Tips for Shopping at Estate Sales
I’m sure that as frugal shoppers, many of you enjoy thrifting and shopping at flea markets as much as I do. It is such a rush when you get a great deal on something that someone else doesn’t want, but you recognize as the treasure that it is. In addition to shopping at thrift stores, flea markets, and garage sales, I’d like to draw attention to the estate sale as a great way to get your shopping fix for cheap. (See also: 3 Proven Ways to Save Real Money at Garage Sales)
Estate sales differ from garage and yard sales in that when you go to a house for an estate sale, pretty much everything you see is for sale (unless set aside in a clearly marked area). Usually, the occupant of the house has passed away, or through other factors, is obliged to sell his/her belongings. The amount of sheer stuff at most estate sales can be overwhelming, but there are plenty of hidden treasures to be found.
I was at first intimidated by shopping at estate sales because of the tales of antique dealers lining up at 6:00 in the morning in order to get first dibs on the goods. There was no way I was going to be aggressive enough to compete for the good stuff with the real pros. A few estate sales later, the intimidation factor was gone, and a new hobby was born. If you’d like to try out this fun and rewarding activity, here are a few do's and don’ts to get you started.
Do look for estate sales ahead of time.
Search on Craigslist and in community listings. Don’t rely on driving around the neighborhood, as you’ll probably arrive too late in the morning to get the good stuff.
Do get there early, but don’t stress yourself out if you’re not the first in line.
Most estate sales begin at 8:00 or 8:30 in the morning of a Friday, Saturday or Sunday, and the most hard-core shoppers are there at least half-an-hour before. But even if you get there at 8:30 or 9:00, there will still be plenty of stuff to look at. Most antique dealers and collectors, the most dedicated shoppers, are looking for something specific, so even if you get the second pickings, there will still be many items of interest. If you get there very early, you may have to take a number and wait your turn to go in.
Do bring cash.
This tip goes without saying, but there have been a few times when I’ve arrived at an estate sale only to realize I have just $10 in my pocket. Sometimes, if you see something you really love, the organizers of the estate sale may hold it for you while you go to the ATM, but there’s no guarantee this will be the case.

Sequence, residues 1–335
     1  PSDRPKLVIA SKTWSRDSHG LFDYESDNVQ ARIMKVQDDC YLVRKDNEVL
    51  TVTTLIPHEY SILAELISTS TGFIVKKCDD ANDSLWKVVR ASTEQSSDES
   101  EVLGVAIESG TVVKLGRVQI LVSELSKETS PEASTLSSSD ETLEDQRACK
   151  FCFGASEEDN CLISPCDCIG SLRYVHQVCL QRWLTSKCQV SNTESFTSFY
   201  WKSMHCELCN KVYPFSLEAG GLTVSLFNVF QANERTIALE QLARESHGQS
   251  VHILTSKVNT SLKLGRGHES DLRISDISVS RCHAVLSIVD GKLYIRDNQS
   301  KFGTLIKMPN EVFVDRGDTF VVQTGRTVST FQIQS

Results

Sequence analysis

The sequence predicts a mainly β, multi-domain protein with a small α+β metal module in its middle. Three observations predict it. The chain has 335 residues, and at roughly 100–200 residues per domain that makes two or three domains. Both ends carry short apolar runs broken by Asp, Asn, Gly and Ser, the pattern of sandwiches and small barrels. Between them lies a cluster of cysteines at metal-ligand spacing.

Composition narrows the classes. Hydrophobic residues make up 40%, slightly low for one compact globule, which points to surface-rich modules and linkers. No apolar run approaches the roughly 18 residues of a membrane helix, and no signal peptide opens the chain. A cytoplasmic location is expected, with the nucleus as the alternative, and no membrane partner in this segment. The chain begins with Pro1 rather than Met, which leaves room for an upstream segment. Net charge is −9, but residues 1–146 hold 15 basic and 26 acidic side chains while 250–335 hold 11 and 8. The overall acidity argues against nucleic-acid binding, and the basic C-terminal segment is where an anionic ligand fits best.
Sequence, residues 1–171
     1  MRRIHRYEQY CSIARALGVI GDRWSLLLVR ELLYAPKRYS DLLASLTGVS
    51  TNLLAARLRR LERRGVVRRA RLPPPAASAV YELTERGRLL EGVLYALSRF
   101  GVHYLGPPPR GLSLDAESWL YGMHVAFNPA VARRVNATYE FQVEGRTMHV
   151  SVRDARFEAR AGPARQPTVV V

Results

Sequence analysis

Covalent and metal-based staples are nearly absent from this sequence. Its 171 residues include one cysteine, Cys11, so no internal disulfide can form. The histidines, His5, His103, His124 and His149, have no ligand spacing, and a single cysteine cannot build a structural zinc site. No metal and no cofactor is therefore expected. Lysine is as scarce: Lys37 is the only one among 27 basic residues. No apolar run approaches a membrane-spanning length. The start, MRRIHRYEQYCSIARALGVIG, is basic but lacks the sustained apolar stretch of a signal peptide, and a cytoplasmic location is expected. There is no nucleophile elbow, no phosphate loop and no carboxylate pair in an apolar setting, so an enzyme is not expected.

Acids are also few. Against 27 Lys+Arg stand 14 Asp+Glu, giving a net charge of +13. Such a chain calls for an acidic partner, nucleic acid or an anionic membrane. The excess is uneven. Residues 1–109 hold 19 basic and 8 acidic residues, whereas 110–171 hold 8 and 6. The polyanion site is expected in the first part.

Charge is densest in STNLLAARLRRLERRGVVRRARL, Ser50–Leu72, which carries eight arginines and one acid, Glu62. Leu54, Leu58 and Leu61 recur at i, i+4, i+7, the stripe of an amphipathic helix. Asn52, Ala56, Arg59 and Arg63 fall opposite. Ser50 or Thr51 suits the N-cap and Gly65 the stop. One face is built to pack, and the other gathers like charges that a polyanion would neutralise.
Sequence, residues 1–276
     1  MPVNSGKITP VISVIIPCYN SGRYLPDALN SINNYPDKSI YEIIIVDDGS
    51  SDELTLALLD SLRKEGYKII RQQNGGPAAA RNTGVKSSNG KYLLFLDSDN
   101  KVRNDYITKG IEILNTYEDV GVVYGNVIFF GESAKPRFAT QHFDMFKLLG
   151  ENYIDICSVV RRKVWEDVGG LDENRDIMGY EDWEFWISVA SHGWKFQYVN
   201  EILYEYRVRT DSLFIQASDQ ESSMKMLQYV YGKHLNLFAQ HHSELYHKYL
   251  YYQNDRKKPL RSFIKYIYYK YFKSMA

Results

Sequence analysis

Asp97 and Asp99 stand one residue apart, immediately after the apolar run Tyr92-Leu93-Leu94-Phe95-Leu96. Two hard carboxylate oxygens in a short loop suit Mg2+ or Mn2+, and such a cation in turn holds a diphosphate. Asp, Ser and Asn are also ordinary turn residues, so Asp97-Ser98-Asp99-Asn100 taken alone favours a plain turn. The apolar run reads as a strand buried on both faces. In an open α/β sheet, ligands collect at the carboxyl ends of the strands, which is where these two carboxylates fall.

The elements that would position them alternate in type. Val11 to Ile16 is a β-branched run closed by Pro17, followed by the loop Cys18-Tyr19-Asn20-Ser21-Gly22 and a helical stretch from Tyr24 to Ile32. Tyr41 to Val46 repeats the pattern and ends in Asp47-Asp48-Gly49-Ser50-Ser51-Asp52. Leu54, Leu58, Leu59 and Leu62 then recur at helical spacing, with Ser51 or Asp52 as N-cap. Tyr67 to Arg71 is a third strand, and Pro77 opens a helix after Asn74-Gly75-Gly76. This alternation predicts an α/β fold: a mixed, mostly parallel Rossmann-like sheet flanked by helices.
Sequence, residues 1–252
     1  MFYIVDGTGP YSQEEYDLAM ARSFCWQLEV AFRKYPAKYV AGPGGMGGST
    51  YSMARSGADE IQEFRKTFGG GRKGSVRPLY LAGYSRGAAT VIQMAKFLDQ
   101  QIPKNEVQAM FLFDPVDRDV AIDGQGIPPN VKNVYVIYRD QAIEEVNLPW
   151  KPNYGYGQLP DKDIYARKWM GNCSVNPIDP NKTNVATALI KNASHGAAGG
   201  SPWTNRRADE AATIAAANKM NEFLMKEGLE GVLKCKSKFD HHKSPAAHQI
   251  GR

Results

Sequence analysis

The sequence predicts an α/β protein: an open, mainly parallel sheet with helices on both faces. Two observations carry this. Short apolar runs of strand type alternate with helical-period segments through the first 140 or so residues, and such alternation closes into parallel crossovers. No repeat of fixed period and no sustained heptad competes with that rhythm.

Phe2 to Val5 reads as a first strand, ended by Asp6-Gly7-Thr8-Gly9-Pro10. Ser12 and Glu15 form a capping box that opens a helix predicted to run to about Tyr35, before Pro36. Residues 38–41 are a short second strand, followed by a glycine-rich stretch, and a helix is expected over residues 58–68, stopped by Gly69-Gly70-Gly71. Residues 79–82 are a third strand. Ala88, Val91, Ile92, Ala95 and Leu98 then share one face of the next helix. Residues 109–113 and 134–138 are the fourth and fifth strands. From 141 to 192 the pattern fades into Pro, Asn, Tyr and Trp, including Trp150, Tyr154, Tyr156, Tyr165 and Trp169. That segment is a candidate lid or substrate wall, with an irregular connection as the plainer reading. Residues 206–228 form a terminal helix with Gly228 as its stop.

Do set a limit on your spending.
While you can get great deals for cheap, you don’t want to blow your monthly grocery budget.
Do have a few items in mind, but be open to others.
At an estate sale, there is so much to look at that you may feel overwhelmed, and having a few items in mind can help you to focus your search. However, be open to that perfect item that you may find while browsing.
Do be prepared for sticker shock.
Not everything at an estate sale is a good bargain, and often the prices can be higher than at typical thrift stores and garage sales. Keep in mind that the family or the owner of the items is looking to make some needed cash on the sale. If the sale is run by a company that specializes in organizing estate sales, prices will be higher as they want to make a cut of the money too. If it’s not a good deal, just don’t go for it.
Do consider coming on Sunday.
Usually, most of the best stuff is gone by Sunday (the second or third day of the sale), so prices are typically marked down by 50%. You’ll have to rummage, but you just might find that perfect, overlooked vintage dress in your size.
Don't buy for the sake of buying.
If you don’t see something you really like, don’t buy anything. There will always be another estate sale.
Don't overlook diamonds in the rough.
Just because it’s covered in a layer of dust doesn’t mean that colorful Pyrex bowl won’t be gorgeous when it’s cleaned up. Learn to look for the beauty underneath the dirt.
Don't buy something with flaws.
If something is broken, chipped, or otherwise flawed, it may not be reparable, or it may not be worth your while to repair it. Of course, there are exceptions, like the awesome Herman Miller lounge chair that just needs a few screws to be as good as new.
Don't be pushy.
It’s always annoying when shoppers in search of a deal are brusque and cutthroat. Be courteous. If someone is looking at something, it’s off-limits until they step away. It becomes especially important to be polite if the estate sale is crowded.
Don't be rude while haggling.
While there generally is a little room to discuss the price of an item, typically prices have been set at a level the organizers think is fair. If they’re not budging, let it go, and come back on Sunday when prices are lower and there’s more room for bargaining.
Estate sales are not just the domain of antique collectors and dealers anymore — lots of regular people are finding hidden gems. It’s a great way to give new life to an unwanted item, to reduce the amount of new junk that gets manufactured, and to save yourself a penny or two as well.
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